Chemistry has a strong tradition in Russia, dating back to the first significant Russian scientist, Mikhail Lomonosov, continuing through A. M. Butlerov and D. I. Mendeleev in the nineteenth century, and persisting into the Soviet period, when N.N. Semenov won the Nobel Prize for his work on the kinetics of chemical reactions. This history, like that of much of Russian science, is poorly covered in the English-language Literature.
A well-known biography of Lomonosov is B.N. Menshutkin’s Russia’s Lomonosov, Chemist, Courtier, Physicist, Poet (Princeton, N.J.: Princeton Univ. Press, 1952). Unfortunately, Menshutkin’s biography contains serious errors, such as the contention that Lomonosov did not believe in phlogiston. A Soviet biography of Lomonosov has recently been translated into English: Galina E. Pavlova and Aleksandr S. Fedorov, Mikhail Vasil’evich Lomonosov: His Life arul Work translated by Arthur Aksenov (Moscow: Mir Publishers, 1984). Another source is a collection edited by Henry M. Leicester, Mikhail Vasil’evich Lomonosov and the Corpuscular Theory (Cambridge, Mass.: Harvard Univ. Press, 1970). But despite the numerous publicaions about Lomonosov, especially in Russian, a critical evaluation of his place in the history of science has not yet been written.
Chemistry was established as a profession in Russia by the mid-nineteenth century. This development is analyzed in a valuable dissertation written in 1988 in the department at Columbia University by Nathan Marc Brooks entitled “The Formation of a Community of Chemists in 1700-1870.” Chemistry was particularly strong at Kazan University, where A. M. Butlerov worked. Relevant sources on chemistry at Kazan and on Butlerov, one of the founders of structural chemistry, are S. N. Vinogradov, “Chemistry at Kazan University in the Nineteenth Century: A Case History of Intellectual Lineage,” Isis, 1965, 56:168-173; and Henry M. Leicester, ÒAlexander Mlkhailovich Butlerov,” Journal of Chemical Education, 1940, 17 (May): 208-209. On the controversial contributions of August Kekulé and Butlerov to the origins of structural chemistry, a useful article is Alan J. RockeÕs ÒKekulé Butlerov and the Historiography of the Theory of Chemical Structure,” The British Joumal for the History of Science, 1981, 14(46):27-55.
No adequate biography of the great chemist Dmitrii Ivanovich Mendeleev exists in any language, not even Russian. Indeed, many of the existing treatments of Mendeleev are filled with errors, such as the often-repeated assertion that the reason he had a substitute read the most important paper of his career, the one on the “table of the elements,” to the Russian Chemical Society was that he was sick; he ” actually away from St. Petersburg on a consulting trip. On the positive side, the Soviet historian and philosopher B. M. Kedrov wrote an excellent description of the discovery of the table of the elements entitled The Day of One Great Discovery (Moscow: Nauka, 1958). Unfortunately, this book has not been translated into English, but it is summarized in Kedrov’s article on Mendeleev in the Dictionary of Scientific Biography. Another useful source is Bernadette Bensaude-Vincent, “Mendeleev’s Periodic System of Chemical Elements,” British Journal of the History of Science, 1986, 19:3-17. For an emphasis on the effect that writing a textbook had on Mendeleev at the time he was developing the periodic table see Loren R. Graham, “Textbook Writing and Scientific Creativity: The Case of Mendeleev,” National Forum Winter 1983, pp. 22-23. Two Ph.D. dissertations on Mendeleev emphasizing his social and political roles are Beverly Almgren, “Mendeleev: The Third Service, 1834-1882” (Brown Univ., 1968); and Francis Stackenwalt, “The Thought and Work of Dmitrii Ivanovich Mendeleev on the Industrialization of Russia, 1867-1907” (Univ. Illinois, 1976).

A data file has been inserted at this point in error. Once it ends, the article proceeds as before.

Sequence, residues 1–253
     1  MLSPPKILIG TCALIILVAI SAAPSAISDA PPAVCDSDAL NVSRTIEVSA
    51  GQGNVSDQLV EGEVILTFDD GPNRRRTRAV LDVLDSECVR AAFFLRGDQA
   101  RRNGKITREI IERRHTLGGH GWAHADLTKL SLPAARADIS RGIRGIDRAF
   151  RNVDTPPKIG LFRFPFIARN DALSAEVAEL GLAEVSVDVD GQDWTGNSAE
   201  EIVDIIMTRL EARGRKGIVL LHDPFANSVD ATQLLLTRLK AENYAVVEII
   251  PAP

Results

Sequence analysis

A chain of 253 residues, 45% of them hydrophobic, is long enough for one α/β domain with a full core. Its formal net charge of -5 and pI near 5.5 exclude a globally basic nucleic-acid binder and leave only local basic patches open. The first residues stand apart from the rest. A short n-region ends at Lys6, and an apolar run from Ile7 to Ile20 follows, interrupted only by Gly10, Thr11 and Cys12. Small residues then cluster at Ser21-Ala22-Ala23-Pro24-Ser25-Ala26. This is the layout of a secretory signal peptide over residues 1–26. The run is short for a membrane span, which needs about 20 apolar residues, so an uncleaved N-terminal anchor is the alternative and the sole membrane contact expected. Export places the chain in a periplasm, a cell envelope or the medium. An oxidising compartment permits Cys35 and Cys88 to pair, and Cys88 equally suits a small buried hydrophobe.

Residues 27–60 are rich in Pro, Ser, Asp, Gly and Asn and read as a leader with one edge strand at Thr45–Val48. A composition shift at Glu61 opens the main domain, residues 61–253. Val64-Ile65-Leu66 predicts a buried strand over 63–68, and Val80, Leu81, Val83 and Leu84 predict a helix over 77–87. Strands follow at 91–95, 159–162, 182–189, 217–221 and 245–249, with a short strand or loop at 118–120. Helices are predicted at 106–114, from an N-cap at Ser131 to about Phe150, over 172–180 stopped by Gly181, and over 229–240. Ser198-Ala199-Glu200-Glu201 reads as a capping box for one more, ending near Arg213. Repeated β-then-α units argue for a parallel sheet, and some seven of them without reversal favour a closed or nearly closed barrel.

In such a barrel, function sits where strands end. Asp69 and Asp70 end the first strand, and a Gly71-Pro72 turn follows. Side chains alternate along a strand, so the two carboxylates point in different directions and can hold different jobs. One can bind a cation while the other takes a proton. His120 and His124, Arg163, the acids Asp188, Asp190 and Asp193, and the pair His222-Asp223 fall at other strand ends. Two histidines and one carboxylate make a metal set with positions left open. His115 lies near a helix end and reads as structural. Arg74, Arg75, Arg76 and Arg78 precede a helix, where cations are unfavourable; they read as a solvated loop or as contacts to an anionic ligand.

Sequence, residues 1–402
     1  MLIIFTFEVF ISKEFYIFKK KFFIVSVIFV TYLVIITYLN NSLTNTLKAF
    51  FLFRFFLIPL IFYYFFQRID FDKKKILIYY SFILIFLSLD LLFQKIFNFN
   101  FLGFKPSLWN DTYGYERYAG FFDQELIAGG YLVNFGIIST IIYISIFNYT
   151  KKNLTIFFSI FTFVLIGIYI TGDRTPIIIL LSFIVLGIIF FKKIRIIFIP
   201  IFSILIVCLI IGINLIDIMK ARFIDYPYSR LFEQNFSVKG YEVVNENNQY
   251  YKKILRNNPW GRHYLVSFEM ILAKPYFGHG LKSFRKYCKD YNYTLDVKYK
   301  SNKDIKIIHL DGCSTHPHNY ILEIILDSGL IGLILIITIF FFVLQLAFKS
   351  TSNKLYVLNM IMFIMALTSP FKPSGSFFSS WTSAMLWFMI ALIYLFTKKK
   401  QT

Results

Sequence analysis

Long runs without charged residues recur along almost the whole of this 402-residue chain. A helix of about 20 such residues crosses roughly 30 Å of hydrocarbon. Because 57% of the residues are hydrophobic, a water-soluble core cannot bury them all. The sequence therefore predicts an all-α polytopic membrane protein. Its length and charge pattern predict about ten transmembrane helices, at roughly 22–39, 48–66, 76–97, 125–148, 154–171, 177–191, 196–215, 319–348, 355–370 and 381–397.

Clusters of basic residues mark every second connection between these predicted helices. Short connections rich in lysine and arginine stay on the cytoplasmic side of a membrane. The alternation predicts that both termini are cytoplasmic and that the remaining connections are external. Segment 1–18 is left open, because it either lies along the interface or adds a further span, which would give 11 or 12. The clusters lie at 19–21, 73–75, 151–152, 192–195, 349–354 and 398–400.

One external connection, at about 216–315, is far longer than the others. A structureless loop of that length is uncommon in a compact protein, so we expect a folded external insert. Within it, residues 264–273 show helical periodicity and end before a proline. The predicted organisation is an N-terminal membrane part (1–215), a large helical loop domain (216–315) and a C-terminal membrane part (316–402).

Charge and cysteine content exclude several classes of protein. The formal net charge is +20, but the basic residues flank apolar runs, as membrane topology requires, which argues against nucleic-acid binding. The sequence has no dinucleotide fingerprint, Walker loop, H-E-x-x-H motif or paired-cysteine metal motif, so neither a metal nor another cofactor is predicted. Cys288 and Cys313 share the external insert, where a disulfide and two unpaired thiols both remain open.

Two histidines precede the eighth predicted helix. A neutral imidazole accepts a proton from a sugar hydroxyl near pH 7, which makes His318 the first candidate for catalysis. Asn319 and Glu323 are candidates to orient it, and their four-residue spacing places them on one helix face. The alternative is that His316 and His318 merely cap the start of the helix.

One reason that no adequate biography of Mendeleev has yet been written is that he was as active in politics and social issues as he was in chemistry. The future biographer faces a mountain of archival material, most of it collected in the Mendeleev Museum in Leningrad. Under Count Sergei Witte, minister of finance in the last decade of the nineteenth century, Mendeleev served as head of the Bureau of Weights and Measures, a position that was tantamount to being science adviser to the tsar’s government. Mendeleev was never satisfied with government policies on economic development and was involved in many disputes. Part of this story can be found in Alexander Vucinich, “Mendeleev’s Views on Science and Society,” Isis 1967, 58:242-251.
A third chemist of this generation is better known as a composer of symphonies and opera, but Aleksandr Borodin made his living as a professor of chemistry at the St. Petersburg Academy of Medicine and Surgery. He roomed with Mendeleev when both were doing postgraduate study in Europe, and he and Butlerov wrote a biography of the organic chemist Nikolai Nikolaevich Zinin (who trained under Justus Liebig). A helpful, but far from complete biography is Nikolai I. Figurovskii and Yurii I. Solov’ev’s Aleksandr Porfir’evich Borodin: A Chemist’s Biography, translated by Charlene Steinberg and George Kauffman (New York: Springer Verlag, 1988). [See also George Sarton, “Borodin, 1833-87,” Osiris 1939, 7:224-251.–Eds.] A memoir by an important Soviet chemist who emigrated to the United States, V.N. Ipatieff is Life of a Chemist (Stanford, Calif.: Stanford Univ. Press, 1946).
Soviet historians have written a great deal on the history of chemistry, but as with other topics in this teaching guide, I will not attempt to describe the Russian- language literature. For an overview of the evolution of Soviet interpretations of the history of chemistry readers can, however, turn to Yakov M. Rabkin, “Trends and Forces in the Soviet History of Chemistry,” Isis, 1976, 67:257-273.